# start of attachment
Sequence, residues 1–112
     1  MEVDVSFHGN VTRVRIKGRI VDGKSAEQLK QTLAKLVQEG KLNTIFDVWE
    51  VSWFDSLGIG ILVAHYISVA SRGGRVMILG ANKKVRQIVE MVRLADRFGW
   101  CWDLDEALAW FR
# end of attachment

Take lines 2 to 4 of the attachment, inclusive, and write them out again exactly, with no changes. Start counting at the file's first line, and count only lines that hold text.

     1  MEVDVSFHGN VTRVRIKGRI VDGKSAEQLK QTLAKLVQEG KLNTIFDVWE
    51  VSWFDSLGIG ILVAHYISVA SRGGRVMILG ANKKVRQIVE MVRLADRFGW
   101  CWDLDEALAW FR